Optional course: Governing Africa's natural resources

Course content

If economic growth, poverty reduction and industrial development are top priorities for most African countries, why should local communities, NGO's, policy makers in African government and donor countries worry about governing natural resources? The answer is simple: natural resources provide soil to grow food, and water for drinking, irrigation etc. Forests and rivers provide food to eat or export and raw materials for a wide range of industries. In many African countries, natural landscapes and wildlife reserves are major factors in attracting tourism. So governing natural resources is about safeguarding food, livelihoods, export opportunities, recreation etc.

The primary objectives of this course are as follows: (1) Debating governance of natural resources at and between local, national, and international levels; (2) develop understanding of key concepts including theories related to governing natural resources; and (3) Discuss specific cases from Africa related to utilization and/or conservation of Africa's natural resources.

Key elements in this course will be:

  • critically discuss actors in Africa's development and the role they are playing in governing natural resources in Africa.
  • Issues related to utilization of natural resources linked to discussion about scarcity and abundance.
  • Debating conservation in Africa – related to the role of state, marked and civil society.
  • Discuss impact and coping strategies related to climate change in Africa. 
Education

MA programme in African Studies

Learning outcome

The aim is for the student to acquire the following qualifications:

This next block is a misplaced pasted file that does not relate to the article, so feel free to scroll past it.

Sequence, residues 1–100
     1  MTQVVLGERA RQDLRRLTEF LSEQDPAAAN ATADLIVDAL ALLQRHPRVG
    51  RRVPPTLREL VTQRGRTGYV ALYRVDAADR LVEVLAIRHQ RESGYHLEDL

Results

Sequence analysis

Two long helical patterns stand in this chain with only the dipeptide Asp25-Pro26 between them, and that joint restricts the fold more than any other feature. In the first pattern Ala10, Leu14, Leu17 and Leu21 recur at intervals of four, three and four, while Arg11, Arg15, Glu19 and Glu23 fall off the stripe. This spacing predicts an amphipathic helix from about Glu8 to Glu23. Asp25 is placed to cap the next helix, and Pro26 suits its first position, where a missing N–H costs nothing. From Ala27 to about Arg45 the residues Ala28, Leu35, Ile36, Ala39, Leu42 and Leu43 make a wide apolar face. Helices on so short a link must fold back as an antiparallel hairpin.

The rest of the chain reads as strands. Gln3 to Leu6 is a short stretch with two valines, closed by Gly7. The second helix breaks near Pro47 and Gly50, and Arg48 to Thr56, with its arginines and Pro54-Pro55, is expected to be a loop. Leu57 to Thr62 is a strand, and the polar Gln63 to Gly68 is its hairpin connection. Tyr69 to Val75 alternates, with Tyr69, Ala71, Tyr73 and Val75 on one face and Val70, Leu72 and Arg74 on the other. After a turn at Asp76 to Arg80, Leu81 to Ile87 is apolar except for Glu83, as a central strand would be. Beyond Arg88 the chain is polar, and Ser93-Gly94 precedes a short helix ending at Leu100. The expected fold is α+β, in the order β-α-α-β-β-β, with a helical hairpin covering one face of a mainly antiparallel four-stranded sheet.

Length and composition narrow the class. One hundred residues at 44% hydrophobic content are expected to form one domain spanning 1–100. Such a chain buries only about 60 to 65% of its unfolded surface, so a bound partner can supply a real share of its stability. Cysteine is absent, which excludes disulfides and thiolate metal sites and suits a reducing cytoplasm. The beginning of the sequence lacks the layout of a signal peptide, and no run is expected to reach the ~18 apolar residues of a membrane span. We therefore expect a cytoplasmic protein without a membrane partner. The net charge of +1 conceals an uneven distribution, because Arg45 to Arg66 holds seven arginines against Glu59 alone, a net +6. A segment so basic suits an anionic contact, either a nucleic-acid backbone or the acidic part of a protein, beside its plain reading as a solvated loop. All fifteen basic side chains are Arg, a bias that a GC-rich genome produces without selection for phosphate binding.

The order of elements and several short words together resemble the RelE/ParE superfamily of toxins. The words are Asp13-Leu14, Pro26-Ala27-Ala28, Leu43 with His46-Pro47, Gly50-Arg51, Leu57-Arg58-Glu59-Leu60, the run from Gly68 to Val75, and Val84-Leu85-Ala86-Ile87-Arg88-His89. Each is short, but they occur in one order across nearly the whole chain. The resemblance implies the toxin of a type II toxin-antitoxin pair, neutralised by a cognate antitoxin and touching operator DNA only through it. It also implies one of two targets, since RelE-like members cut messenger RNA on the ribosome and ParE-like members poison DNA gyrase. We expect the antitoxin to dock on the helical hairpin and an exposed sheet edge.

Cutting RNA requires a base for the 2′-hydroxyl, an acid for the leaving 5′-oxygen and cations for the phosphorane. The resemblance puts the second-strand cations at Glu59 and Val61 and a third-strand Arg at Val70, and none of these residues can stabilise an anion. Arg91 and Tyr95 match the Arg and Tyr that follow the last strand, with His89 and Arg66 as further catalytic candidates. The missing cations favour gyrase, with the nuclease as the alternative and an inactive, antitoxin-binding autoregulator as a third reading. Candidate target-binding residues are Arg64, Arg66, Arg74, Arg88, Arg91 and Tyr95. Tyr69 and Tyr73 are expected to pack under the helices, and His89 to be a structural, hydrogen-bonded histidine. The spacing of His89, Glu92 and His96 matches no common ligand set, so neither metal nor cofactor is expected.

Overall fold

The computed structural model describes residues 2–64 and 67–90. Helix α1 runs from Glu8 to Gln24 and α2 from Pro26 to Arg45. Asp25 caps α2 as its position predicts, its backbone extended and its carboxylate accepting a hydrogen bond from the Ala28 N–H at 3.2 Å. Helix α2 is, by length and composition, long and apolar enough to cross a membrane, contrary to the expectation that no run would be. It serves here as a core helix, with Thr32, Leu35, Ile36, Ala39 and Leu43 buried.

• Ability to select a relevant sub-topic within the overall focus area of governing Africa's natural resources. The sub-topic should be geared towards specific conditions related to Africa.
  • Ability to independently and critically select relevant literature on the sub-topic related to governance of natural resources
  • Ability to independently and critically analyse the sub-topic in question and to place it within the overall context of governing Africa's natural resources.

This course is about learning rather than teaching. All members of the class are expected to show genuine commitment to maximizing the return from the time invested in the class. Reading course literature will be expected and the class sessions will build on this material.
The course will consist of a combination of lectures and workshop-like activities with active student participation and presentations by a number of external lecturers including guests from the private sector, NGOs and researchers.

ECTS
7,5 ECTS
Type of assessment
Written assignment
Marking scale
7-point grading scale
Censorship form
External censorship
Criteria for exam assessment

The grade of 12 is given at the exam when the student demonstrates:

  • Confident ability to identify and define a sub-topic and an issue of relevance to the overall theme of the optional course.
  • Confident ability to independently and critically select relevant literature on the sub-topic to be studied.
  • Confident ability to independently and critically analyse the sub-topic in question and the chosen literature.
  • Confident ability to conduct an interdisciplinary analysis of the sub-topic in question and to place it within the overall theme of the optional course in question.
  • Confident ability to communicate academic material in a clear, concise and well-argued manner.

Single subject courses (day)

  • Category
  • Hours
  • Class Instruction
  • 28
  • English
  • 28